Stomp and Stammer – Addiction Incorporated Review

March 9, 2012 : By David T. Lindsay

email hidden; JavaScript is required.","focal_length":"0","iso":"0","shutter_speed":"0","title":""}" data-image-title="addiction_inc" data-image-description="" data-medium-file="" data-large-file="" class="alignright size-thumbnail wp-image-3045" title="addiction_inc" src="" alt="" width="150" height="150" />I don’t make a habit of focusing on documentaries because either they make their case and need no further defense, or deceitfully cloud the issue to appeal to fools who can’t think for themselves. During the introduction of Victor DeNoble, who would turn out to provide evidence of nicotine addiction in cigarettes, he admits that he only went to college to “meet smart women.” Straight talk is persuasive.

I don’t smoke, but I don’t buy into the theory of secondhand smoke being deadly. Nor do I think that punitive payback necessarily improves public health.

Addiction Incorporated
might pale in comparison to Christopher Buckley’s book Thank You for Smoking if separated from its proper context. This documentary isn’t out to change opinions but instead present the findings that led to the tobacco industry having to reassess its strategies. It began when Philip Morris funded a behavioral study to back up their claim that there is no causal link between disease and the smoking of cigarettes. Now any inhalant can adversely affect breathing and the blood will transport its properties to the brain, whether pot smoke or glue vapor. Hired to oversee the project, DeNoble found that lab rats don’t care much about weight loss, aren’t influenced by the movies or have the slightest inclination to submit to social pressure – their only reason for pressing the lever to receive their allotment of nicotine is they like it. By reducing the dosage to that of a rat-sized cigarette, DeNoble discovers that nicotine makes rats sick, before realizing that human specimens don’t receive the nicotine wallop all at once but spread over the course of a smoke.

If administered incrementally, rats addict themselves, pressing the bar twice a day, then ten times that, until hooked to where they wake up slapping the bar.

Excited, DeNoble wants to publish his findings, which is the point of science – to bring evidence to others in the field. Philip Morris refused and DeNoble was fired, because what he’d done would incriminate the entire tobacco industry as having full knowledge that nicotine was addictive, and knowing how much was needed to keep people smoking. Tobacco firms had always shielded nicotine as a significant ingredient that only contributed to flavor. It was also an ingredient in insecticide. In other words, they were selling poison, knew it was unhealthy and were only interested in selling more.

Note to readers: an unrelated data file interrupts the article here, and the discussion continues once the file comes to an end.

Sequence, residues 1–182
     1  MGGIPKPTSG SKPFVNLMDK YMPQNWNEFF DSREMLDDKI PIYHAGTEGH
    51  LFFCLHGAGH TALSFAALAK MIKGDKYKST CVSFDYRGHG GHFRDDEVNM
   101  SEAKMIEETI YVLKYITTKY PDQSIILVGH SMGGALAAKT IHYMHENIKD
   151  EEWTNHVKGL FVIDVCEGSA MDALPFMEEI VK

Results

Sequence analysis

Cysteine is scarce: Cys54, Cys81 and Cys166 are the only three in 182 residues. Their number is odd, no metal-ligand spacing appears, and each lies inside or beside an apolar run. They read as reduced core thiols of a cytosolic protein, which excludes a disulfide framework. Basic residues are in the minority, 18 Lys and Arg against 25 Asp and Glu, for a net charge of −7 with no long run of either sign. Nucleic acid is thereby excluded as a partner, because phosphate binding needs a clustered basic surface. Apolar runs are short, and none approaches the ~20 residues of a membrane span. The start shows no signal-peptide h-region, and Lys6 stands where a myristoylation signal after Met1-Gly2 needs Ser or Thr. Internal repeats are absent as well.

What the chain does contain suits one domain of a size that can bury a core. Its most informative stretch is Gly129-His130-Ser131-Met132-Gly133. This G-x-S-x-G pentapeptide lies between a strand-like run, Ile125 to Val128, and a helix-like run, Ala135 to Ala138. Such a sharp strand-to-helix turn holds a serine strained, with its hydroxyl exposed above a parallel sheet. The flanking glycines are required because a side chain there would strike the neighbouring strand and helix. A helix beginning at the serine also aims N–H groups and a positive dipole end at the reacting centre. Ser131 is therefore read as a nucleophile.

There are a number of people that whenever I see them supporting an idea, I have the tendency to reverse course. William Kunstler is one, Michael Moore is another, and certainly the derogatory, rodent-looking douchebag congressman Henry Waxman (D – CA), who always seems to look for any opportunity to tell you how to live, what to think, when to eat and how much, and whether or not you receive medical attention and at whose expense. His goal is control.

But Addiction Incorporated isn’t some document of historical procedures. Sure it sets in motion the Food and Drug Administration convincing Congress to open hearings, which was perfectly legitimate since the function of government is to protect citizens from threats of force or fraud, but the only course of action open to the tobacco industry after 51 law firms sued was a PR campaign to target a new generation of cigarette smokers. I know this for a fact because while writing for Creative Loafing, word came down that Camel cigarettes had requested their ads only be placed in the music section so their product would appeal to “cool” readers!

While I agree with Victor DeNoble’s findings, I disagree with government interference shifting health concerns aside for exemplary settlements. DeNoble ended up pulling out of his status as “professional” witness and redirected his energies to teenagers, traveling the high school lecture circuit.

Addiction Incorporated puts the blame where it belongs: on advertising and promoting risky behavior as “cool.” Kids think they’re immortal. As DeNoble tells it, cigarettes ignite receptors in the brain for life! Tobacco manufacturers know if they hook someone young, they’ve planted a seed for the rest of their life. Addiction always begins with a choice. If you think smoking is “cool,” think again.

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